Wednesday, 5 December 2012

First Nation Water Rights at the Centre for Human Rights Research

Journalist Helen Fallding discusses the crises facing First Nation communities in Canada about lack of safe and reliable drinking water. too many communities do not have running water and must get it old style from the lake or river. This lack of water when surrounded by lakes causes health problems and issues because people are unable to bathe properly. These situations are especially egregious for families with young children. People become sick and ill and often it is possible to catch a skin disease. I discuss how some First Nations have pulp and paper mills which dump chemicals into the local water making for possible high cancer rates and death within a community. Helen talks about the new initiatives of the Centre for Human Rights Research as well as her work with water and her work as a journalist.

Helen Fallding is a lifelong human rights activist who ran women's centres at the University of Toronto and in Victoria, B.C., helped the Carcross Tagish First Nation negotiate a land claim and co-founded Yukon's first gay organisation. Her first job as a reporter was with Northern Native Broadcasting Yukon — the Beat of a Different Drummer. She joined the Winnipeg Free Press in 1998, where she was Western Manitoba regional reporter, legislature bureau chief and then science reporter before becoming assistant city editor. Helen has won awards for feminist activism and for journalism, most recently for a series of stories about lack of running water on Manitoba First Nations, published shortly before she joined the University of Manitoba and the Centre for Human Rights Research as it manager.

To Learn more Interview (Podcast):

Ouellette, Robert-Falcon. (Director) (2012, Dec 05). At the Edge of Canada: Indigenous Research. First Nation Water Rights at the Centre for Human Rights Research with Helen Fallding. [Audio podcast]. Retrieved from
Ouellette, Robert-Falcon, dir. "First Nation Water Rights at the Centre for Human Rights Research with Helen Fallding." At the Edge of Canada: Indigenous Research.. N.p., 05 2012. web. 5 Dec 2012. < >.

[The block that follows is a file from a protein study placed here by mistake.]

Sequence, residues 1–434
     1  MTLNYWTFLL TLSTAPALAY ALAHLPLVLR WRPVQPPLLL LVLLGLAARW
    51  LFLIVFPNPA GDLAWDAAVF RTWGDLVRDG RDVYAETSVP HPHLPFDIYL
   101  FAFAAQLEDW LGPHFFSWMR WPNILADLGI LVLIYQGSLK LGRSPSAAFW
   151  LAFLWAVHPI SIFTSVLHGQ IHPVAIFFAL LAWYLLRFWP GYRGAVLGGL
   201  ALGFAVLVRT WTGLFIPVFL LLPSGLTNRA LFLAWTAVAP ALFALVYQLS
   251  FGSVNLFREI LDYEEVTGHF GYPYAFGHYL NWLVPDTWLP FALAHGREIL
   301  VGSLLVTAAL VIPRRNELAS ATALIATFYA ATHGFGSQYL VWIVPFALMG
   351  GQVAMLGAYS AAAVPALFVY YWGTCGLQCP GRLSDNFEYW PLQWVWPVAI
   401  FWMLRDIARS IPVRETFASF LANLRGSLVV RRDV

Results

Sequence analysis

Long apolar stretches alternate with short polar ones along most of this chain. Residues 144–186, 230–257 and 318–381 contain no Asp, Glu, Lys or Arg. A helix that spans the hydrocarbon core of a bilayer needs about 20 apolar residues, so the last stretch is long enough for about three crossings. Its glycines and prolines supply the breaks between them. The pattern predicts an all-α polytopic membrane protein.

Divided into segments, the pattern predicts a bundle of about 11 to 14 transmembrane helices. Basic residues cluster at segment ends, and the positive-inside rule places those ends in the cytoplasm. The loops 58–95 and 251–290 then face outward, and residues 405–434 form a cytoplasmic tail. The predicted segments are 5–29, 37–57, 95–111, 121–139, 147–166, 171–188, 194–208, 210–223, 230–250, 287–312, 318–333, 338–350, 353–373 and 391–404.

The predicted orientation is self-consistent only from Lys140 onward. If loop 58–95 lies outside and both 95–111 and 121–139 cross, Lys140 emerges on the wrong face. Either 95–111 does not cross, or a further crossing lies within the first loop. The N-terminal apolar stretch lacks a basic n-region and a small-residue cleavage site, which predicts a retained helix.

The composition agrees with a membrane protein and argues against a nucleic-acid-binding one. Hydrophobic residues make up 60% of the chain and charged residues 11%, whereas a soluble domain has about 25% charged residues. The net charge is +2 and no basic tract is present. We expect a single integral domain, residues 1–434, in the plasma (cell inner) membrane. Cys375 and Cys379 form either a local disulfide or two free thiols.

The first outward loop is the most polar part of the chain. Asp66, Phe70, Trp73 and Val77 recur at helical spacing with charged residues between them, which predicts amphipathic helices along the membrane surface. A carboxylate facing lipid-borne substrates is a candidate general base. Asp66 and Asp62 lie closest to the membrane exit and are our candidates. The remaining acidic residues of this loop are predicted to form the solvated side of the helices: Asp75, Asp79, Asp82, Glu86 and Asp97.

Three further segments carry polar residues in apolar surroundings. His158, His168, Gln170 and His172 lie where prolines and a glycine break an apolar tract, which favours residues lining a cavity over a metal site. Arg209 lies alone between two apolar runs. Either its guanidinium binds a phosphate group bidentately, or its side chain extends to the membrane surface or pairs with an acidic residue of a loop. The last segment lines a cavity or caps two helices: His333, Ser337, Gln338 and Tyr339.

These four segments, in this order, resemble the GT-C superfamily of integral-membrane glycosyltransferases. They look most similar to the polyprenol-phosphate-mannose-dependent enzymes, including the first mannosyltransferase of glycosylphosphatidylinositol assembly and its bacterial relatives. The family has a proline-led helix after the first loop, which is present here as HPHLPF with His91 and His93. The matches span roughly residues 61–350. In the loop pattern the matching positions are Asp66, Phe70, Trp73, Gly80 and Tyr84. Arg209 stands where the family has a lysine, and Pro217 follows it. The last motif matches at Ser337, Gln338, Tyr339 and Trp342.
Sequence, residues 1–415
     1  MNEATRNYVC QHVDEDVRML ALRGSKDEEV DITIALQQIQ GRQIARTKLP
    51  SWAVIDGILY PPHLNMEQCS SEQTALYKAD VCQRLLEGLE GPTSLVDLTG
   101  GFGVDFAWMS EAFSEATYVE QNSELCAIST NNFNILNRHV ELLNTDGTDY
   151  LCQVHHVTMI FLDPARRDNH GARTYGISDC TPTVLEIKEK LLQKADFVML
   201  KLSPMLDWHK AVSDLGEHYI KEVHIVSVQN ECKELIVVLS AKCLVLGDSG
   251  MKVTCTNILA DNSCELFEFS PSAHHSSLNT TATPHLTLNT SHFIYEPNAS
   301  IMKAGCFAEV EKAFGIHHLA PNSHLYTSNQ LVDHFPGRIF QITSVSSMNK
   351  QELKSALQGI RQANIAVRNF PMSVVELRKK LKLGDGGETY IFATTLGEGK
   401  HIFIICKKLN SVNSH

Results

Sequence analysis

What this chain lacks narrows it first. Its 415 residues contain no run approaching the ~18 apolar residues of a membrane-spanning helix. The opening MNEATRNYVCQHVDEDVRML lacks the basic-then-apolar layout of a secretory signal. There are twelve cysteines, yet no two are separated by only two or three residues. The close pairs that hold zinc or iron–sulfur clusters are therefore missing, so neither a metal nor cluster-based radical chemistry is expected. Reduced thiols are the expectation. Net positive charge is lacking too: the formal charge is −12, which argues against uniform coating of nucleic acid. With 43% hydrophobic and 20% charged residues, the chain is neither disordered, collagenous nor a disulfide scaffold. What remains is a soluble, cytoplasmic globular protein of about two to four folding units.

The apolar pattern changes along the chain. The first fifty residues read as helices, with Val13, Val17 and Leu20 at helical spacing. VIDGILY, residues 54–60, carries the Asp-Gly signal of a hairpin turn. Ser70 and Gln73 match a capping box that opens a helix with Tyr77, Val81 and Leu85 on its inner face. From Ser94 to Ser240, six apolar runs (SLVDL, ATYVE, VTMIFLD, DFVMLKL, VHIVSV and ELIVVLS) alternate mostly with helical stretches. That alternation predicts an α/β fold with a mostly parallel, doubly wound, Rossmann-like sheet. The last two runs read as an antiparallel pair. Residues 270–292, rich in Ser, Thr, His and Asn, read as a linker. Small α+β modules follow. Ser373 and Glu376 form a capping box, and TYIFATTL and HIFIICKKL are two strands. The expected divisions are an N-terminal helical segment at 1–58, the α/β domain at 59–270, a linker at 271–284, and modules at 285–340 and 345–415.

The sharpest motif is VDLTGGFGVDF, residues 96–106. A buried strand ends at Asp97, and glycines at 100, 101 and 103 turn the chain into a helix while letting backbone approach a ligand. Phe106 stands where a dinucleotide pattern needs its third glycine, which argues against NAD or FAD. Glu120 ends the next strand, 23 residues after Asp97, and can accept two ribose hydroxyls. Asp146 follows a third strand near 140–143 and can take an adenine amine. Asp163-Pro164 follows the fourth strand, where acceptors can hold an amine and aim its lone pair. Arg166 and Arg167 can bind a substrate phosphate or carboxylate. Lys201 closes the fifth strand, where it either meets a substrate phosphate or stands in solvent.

1. I remember as a Young Teen drinking Icy Cold water that was coming out of the ground on a Hot Summers Day near Gabriel's Crossing.

  2. That must be Gabriel Crossing near Batoche where Gabriel Dumont had a ferry service he was running in 1872.

  3. Kamila Cecelon
    Response to: First Nation Water Rights at the Centre for Human Rights Research

    Water is notably considered to be the elixir of life. One of the most perverse concepts in my mind is the inability to access clean drinking water, especially on a continent that we consider to be “first world". The idea of not being able to access clean drinking water is a crime against humanity, when so many people dwindle and waste such a precious resource. This just illustrates the wide discrepancy between aboriginals and non aboriginal resources yet again, and the blatant disregard towards those living on reserves in North America and the proximity of high risk drinking water that they’re located near. According to the assembly of first nations, honoring water as a resource is:

    Water is the most life sustaining gift on Mother Earth and is the interconnection among all living beings. Water sustains us, flows between us, within us, and replenishes us. Water is the blood of Mother Earth and, as such, cleanses not only her, but all living things. Water comes in many forms and all are needed for the health of Mother Earth and for our health. The sacred water element teaches us that we can have great strength to transform even the tallest mountain while being soft, pliable, and flexible. Water gives us the spiritual teaching that we too flow into the Great Ocean at the end of our life journey. Water shapes the land and gives us the great gifts of the rivers, lakes, ice, and oceans. Water is the home of many living things that contribute to the health and well-being of everything not in the water.

    It upsets me to hear what is happening on Canadian land. I can recall one hiking trip I took through Mountain Riding National Park in Manitoba for four days, and the aspect of filtering dirty stream water in order stay hydrated. Now, to picture everyday life involving dirty drinking water is simply deplorable, and insults everyone in Canada.
    In many regions, First Nations live with insufficient water allocations and infringements on their Aboriginal and Treaty Rights to water. It’s deplorable for people, of any race or ethnicity to live in such conditions in a country so rich of resources. Under Stephen Harper, 116 First Nations continue to endure Drinking Water Advisories, which represents almost 20% of the First Nations communities in Canada. It is time to urge Stephen Harpers lack of communication and anti democratic to change, with the facilitation of Theresa Spence's movement.